Mario Party Island Tour
What parents need to know
Parents Need to Know
Parents need to know Mario Party: Island Tour is a family-friendly party game loaded with dozens of brief mini-games. Some of these games involve combat, like shooting glowing balls from tanks at competitors, but it's all very mild and cartoonish. It's never implied that characters are seriously hurt. When played in groups -- 3-D download play is supported, so there's no need for each player to purchase his or her own copy of the game -- it creates a fun social experience a bit like playing a traditional board game. In addition to male characters, there are a pair of female characters (Princess Peach and Daisy), so girls can choose to play as their own gender.
What kids can learn
Thinking & Reasoning
- solving puzzles
- friendship building
- meeting challenges together
Engagement, Approach, Support
The game pulls kids in nicely with simple controls and easy-to-understand objectives, but more impatient players may grow bored watching others while waiting for their turn.
Kids will learn through a mixture of logic and trial-and-error. They'll need to quickly formulate strategies in mini-games and on game boards, then learn from their successes and mistakes.
All the mini-games have clear, concise instructions, and kids can practice before each event. If needed, they also can find support online in unofficial fan communities.
What's it about?
MARIO PARTY ISLAND TOUR is the third hand-held edition of Nintendo's popular party game series and the 12th overall since the franchise launched 15 years ago on Nintendo 64. Nintendo sticks to its proven formula one more time, offering up multiple game boards, each with their own themes and objectives and all populated with some 80 new mini-games. Some of these mini-games will be pretty familiar, such as those that involve pushing or punching friends off moving platforms in an effort to be the last one left standing, while others are entirely new and make good use of the 3DS's unique capabilities, such as drawing constellations among stars to match those shown on the top screen.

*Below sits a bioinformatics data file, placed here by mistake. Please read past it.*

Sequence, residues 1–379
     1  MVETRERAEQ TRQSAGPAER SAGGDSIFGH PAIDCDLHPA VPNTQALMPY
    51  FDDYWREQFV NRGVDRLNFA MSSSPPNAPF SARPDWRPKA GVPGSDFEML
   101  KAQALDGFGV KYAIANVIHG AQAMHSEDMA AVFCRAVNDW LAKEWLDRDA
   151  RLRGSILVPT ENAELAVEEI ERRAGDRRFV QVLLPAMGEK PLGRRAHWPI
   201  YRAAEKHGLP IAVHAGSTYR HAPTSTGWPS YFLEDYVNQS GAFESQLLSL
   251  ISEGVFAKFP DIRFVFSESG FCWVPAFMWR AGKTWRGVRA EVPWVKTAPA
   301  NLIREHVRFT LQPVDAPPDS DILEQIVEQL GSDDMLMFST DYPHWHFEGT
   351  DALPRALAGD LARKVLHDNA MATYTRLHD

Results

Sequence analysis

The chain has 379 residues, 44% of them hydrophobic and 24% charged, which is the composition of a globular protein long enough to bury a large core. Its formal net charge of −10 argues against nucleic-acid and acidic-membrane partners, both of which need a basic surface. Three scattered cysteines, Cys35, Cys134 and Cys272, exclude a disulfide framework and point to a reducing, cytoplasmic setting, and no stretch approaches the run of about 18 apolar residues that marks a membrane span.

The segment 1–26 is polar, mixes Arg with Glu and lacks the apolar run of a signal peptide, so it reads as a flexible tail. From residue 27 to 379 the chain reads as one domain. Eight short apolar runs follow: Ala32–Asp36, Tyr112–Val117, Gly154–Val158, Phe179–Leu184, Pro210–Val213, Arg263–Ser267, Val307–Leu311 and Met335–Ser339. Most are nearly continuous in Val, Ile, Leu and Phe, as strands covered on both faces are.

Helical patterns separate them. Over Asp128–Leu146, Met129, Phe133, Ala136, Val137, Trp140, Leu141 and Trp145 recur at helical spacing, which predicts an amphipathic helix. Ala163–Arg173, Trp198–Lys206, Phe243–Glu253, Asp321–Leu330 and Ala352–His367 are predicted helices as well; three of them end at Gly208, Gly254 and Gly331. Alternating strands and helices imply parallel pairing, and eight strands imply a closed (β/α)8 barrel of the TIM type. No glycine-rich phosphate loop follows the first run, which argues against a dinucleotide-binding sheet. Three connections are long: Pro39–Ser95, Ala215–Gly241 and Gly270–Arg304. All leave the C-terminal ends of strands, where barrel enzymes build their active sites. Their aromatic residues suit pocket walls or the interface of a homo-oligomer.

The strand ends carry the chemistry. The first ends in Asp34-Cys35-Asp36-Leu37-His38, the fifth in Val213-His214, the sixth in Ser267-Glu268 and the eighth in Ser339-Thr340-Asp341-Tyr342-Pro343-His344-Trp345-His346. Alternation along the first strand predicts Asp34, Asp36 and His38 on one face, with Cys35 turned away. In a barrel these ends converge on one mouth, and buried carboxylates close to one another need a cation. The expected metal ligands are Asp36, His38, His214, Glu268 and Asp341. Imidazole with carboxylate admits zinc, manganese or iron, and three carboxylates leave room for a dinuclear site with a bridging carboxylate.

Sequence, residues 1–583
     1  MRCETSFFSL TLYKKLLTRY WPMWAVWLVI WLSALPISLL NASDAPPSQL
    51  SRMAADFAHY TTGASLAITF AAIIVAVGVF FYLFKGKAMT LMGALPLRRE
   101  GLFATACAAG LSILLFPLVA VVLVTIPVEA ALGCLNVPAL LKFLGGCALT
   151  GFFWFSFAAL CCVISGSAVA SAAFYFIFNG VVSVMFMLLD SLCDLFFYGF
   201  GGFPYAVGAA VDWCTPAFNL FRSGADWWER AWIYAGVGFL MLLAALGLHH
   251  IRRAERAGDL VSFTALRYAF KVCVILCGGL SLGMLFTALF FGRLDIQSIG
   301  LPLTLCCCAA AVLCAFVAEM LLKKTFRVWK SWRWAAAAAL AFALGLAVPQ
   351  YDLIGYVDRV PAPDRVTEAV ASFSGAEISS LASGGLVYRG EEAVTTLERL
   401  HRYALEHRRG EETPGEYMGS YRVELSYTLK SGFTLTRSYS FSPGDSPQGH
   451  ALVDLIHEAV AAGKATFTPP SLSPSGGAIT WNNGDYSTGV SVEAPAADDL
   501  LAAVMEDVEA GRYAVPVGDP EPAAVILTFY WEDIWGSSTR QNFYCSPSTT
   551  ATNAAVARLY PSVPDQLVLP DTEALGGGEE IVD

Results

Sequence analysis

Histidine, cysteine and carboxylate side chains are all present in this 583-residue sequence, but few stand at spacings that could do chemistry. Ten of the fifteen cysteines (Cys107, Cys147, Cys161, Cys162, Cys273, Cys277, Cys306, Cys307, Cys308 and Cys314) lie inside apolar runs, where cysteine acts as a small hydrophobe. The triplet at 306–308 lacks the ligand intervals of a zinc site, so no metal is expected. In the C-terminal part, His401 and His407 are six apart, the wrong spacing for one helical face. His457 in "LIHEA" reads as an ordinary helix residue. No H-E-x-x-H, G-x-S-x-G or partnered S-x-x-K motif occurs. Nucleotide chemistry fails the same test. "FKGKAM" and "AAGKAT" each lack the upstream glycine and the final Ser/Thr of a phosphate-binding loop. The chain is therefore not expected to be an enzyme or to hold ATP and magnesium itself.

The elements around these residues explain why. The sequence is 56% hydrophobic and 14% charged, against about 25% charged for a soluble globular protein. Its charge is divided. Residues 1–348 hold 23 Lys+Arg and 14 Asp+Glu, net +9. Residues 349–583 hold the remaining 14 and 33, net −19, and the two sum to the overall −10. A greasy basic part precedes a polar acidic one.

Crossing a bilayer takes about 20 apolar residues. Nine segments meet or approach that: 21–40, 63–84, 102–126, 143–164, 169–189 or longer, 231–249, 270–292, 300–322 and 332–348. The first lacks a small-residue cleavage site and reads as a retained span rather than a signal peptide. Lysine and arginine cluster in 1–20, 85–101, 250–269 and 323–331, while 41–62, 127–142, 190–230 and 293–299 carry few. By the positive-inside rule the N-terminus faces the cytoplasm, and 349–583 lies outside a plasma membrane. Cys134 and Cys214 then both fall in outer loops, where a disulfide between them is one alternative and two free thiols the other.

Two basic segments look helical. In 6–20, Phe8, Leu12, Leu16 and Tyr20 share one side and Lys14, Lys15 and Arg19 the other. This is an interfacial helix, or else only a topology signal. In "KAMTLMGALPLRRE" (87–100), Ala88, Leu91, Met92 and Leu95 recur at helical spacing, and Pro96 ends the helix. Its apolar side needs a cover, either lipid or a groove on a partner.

There are seven themed boards, most with the goal of simply reaching the finish line first. Kids also can choose to play specific mini-games they like or to embark on a 90-minute quest to win 30 mini-games in a row on the way to the top of Bowser's tower. StreetPass mini-games let players engage in simple asynchronous activities against people they pass on the street (no personal information is exchanged). Players also earn points as they progress that can be spent on dozens of memorabilia bubbles.
Is it any good?
There's not an awful lot of innovation in Mario Party Island Tour, but it can still be a lot of fun, especially in download play mode among a group of friends each with their own 3DS. Each board is rated based on how heavily luck factors into play, how much skill has to do with winning, and whether the board features more or fewer mini-games. Need something short and sweet for a group of younger players? Pick Banzai Bill's Mad Mountain, which is all about the luck of choosing whether to recklessly rush to the finish or play it safe and hide from giant bullets in caves. Want a real test of skill and strategy? Choose Kamek's Carpet Ride, which requires players to outfox their opponents by playing cards that determine how far they move each turn -- and whether they land on just the right spaces. It's a nice way to help groups of players select a game that suits their abilities and interests.
Mario Party Island Tour isn't boldly going where no game has gone before, but kids with a hankering for party games that feature lots of mini-games ought to have a good time.
Families can talk about...
Families can talk about playing games with friends. Do you enjoy competing against people rather than the computer? When you play with friends, do you talk about things other than the game or are you completely focused on what's happening on the screen?
Families also can discuss the enduring popularity of board games. Party video games like this one prove that, even in our digital age, the formula of moving a playing piece around a board holds strong appeal. How does Mario Party: Island Tour differ from more traditional board games?